I plan to do datalogging this weekend to see the difference between the two sensor readings to verify what mikeychallenger has pretty much proven with the relocation of the IAT sensor and how it reads more accurate.

The end goal is for the sensor to produce the most accurate actual air flowing through the tube temperature reading without reading the temperatures of the materials surrounding it.


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2010 370 cu-in SRT8 Torred (Tori 2.0)- 12.604 @ 112.11 mph (Spartan Cam) / 12.817 @ 110.05 mph
2009 345 cu-in R/T Torred (Tori 1.0) - 13.291 @ 103.67 mph

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Last edited by rayzazoo; 08-27-2011 at 05:31 PM.
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#12 (permalink) Old 08-25-2011, 06:50 PM
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Here is mine installed in a Stack Bullet CAI.Good find rayzazoo
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#13 (permalink) Old 08-25-2011, 07:01 PM
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How exactly does a sensor fix the heat soak issue? Do the colder readings cause the ECM to add fuel?



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#14 (permalink) Old 08-25-2011, 07:58 PM
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How exactly does a sensor fix the heat soak issue? Do the colder readings cause the ECM to add fuel?
What this modification does is improve the accuracy of the IAT reading. This results in your engine running more efficiently and ensures that you aren't loosing power due to detonation/knock and spark trim from a higher than actual temperature reading. A more accurate reading will cause the ECM to add the correct amount of fuel for the actual air temperature (ECM will calculate an air density) entering the combustion chamber.

Minimizing the effects of Heatsoak

Heatsoak Defined

Understand, heatsoak is not fixed because of this mod. Heatsoak is inevitable, especially once you shut off your engine, however, while your engine is operating, heatsoak is reduced through engine coolant. Measures we can take during engine operation are are using a 180 t-stat to start the cooling process sooner, reducing the fan settings, and using engine oil coolers. While at the track, you can use the 25 Cent Fan Mod to turn on the fans to cool off the engine when it's shut off.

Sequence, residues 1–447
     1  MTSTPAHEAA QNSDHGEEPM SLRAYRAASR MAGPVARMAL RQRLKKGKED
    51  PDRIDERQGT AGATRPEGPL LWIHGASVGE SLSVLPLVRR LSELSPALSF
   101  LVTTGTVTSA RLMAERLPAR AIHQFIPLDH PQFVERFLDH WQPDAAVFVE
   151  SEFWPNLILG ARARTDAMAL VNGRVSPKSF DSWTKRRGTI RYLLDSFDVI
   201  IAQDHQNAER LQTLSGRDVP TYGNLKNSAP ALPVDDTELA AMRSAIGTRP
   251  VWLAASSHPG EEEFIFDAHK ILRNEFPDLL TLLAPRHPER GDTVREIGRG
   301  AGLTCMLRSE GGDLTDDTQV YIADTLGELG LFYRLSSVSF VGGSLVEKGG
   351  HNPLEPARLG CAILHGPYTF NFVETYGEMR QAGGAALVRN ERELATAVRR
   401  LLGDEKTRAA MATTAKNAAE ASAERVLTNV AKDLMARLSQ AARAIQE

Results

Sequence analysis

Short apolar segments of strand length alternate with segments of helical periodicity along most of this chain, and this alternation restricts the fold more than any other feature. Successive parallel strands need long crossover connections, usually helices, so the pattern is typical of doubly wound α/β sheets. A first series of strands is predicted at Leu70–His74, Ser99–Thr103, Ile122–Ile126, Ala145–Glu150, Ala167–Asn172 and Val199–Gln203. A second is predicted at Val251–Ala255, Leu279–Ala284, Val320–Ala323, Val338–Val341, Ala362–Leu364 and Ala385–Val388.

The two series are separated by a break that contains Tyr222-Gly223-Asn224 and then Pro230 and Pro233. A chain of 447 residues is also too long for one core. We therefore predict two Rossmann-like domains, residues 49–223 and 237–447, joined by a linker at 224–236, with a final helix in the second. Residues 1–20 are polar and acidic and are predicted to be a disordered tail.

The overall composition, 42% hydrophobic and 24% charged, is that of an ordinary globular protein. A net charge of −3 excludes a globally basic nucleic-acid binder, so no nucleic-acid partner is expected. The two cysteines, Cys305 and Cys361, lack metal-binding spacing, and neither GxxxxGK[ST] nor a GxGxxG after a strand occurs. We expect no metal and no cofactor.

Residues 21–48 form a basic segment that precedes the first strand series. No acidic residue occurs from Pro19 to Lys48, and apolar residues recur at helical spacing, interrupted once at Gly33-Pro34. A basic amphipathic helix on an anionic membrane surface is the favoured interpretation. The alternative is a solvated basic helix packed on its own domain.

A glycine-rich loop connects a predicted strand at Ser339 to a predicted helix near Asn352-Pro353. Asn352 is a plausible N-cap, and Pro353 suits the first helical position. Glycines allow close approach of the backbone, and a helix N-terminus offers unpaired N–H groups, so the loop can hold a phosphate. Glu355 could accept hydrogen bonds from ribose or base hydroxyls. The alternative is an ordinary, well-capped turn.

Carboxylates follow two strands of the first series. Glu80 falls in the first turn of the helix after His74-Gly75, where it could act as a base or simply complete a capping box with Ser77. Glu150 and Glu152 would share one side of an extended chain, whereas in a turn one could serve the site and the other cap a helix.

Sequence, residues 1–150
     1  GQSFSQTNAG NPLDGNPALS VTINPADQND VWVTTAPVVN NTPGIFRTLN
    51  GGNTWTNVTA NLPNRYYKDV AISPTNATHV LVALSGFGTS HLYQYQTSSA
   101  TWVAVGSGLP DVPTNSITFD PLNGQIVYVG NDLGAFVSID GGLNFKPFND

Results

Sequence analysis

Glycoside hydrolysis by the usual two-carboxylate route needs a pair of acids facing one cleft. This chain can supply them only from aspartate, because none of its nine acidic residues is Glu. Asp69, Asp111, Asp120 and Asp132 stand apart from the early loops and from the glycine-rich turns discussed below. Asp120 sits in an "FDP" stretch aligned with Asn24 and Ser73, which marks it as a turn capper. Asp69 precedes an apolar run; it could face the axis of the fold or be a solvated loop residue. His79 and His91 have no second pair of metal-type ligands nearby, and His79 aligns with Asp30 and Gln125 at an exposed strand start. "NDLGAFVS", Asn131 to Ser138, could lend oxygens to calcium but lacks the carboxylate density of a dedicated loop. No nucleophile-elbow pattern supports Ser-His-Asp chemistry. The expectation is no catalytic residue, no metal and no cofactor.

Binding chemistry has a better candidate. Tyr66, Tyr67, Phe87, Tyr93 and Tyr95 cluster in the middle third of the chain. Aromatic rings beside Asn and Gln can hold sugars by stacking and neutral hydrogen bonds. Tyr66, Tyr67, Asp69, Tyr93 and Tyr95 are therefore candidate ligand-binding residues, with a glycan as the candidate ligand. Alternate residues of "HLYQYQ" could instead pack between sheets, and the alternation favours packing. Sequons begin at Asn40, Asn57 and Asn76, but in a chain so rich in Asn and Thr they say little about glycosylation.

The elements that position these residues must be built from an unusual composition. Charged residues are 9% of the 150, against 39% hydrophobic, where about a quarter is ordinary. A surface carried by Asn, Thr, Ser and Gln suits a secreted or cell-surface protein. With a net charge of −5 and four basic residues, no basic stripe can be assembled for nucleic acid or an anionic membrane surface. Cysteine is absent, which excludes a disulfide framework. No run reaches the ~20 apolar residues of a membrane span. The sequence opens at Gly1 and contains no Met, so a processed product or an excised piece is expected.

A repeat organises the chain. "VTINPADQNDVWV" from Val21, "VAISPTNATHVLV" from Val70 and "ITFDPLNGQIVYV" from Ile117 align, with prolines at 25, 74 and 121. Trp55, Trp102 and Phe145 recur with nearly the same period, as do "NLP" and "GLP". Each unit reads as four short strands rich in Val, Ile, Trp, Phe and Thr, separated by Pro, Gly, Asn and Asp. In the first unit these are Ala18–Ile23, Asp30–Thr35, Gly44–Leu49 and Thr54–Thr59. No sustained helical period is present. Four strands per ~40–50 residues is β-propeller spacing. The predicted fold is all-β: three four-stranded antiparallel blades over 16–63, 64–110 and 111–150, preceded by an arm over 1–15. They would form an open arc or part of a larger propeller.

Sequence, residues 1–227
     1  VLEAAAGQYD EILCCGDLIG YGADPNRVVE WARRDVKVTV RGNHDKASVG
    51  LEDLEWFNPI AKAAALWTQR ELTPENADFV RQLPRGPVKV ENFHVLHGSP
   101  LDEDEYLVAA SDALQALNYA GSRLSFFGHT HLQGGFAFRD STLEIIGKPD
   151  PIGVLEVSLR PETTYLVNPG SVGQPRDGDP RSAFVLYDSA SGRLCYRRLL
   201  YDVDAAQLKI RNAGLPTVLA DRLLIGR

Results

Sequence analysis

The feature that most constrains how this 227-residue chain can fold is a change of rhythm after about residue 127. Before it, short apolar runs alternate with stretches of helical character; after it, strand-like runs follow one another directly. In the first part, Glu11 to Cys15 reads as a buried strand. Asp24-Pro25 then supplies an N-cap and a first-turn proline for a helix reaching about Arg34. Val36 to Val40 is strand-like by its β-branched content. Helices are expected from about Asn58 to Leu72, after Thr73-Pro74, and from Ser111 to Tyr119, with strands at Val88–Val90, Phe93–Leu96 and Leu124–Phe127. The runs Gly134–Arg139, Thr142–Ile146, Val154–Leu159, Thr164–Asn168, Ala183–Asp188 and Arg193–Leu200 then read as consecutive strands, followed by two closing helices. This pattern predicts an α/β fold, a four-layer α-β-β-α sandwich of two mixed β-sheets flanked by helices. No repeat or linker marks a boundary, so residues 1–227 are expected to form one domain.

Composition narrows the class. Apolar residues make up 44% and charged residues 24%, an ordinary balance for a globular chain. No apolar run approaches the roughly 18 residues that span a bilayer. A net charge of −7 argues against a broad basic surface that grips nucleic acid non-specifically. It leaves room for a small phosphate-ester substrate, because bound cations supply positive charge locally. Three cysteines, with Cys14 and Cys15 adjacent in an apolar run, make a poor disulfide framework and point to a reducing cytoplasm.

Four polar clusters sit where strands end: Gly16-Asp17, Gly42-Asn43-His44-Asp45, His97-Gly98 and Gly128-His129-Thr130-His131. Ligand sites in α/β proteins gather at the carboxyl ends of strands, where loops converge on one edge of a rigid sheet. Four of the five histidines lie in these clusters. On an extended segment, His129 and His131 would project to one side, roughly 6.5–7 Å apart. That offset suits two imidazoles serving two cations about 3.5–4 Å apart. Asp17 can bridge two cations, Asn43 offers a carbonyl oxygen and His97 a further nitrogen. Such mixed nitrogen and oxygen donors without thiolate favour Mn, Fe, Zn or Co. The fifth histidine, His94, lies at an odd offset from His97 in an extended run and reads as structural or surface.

We minimize the effects heatsoak has on engine performance (specifically the air entering the combustion chambers) by insulating the IAT sensor from engine materials that store heat and pulling air that is cooler than engine compartment air from the fender. We also can reduce the effects of heatsoak by using materials in the engine compartment that have low thermal conductivity and a high specific heat (e.g. rubber, plastic). A final way we reduce the effects of heatsoak on the IAT sensor is by relocating it away from the engine block.

These same principles listed above can be seen in the redesign of the 392 air intake tube and air box. The new manifold is a plastic composite material, the new air box is made of plastic, the sensor is insulated better than the previous and reads from the middle of the airstream, the sensor is located away from the engine block (the highest heat source), and the throttle body is thermally insulated by the new manifold that is a plastic composite material.


Effects of higher or lower sensor reading than actual air charge

With the heatsoak issue, if the sensor reads higher than the actual air going through the tube, it'll subtract fuel resulting in a less than efficient burn and also you'll be more prone to engine knock/detonation. This engine knock causes the ECM to reduce spark advance to compensate thus reducing the power output.

On the flipside, if you take the sensor and let it read ambient air temperatures (lxforum sensor relocation thread did this), this won't be representative of the actual air going through the intake tube. As a result, you'll have too much fuel added and a less efficient combustion. This is also the reason why too much fuel is added as a result of a sensor that gets dirty or oil on it.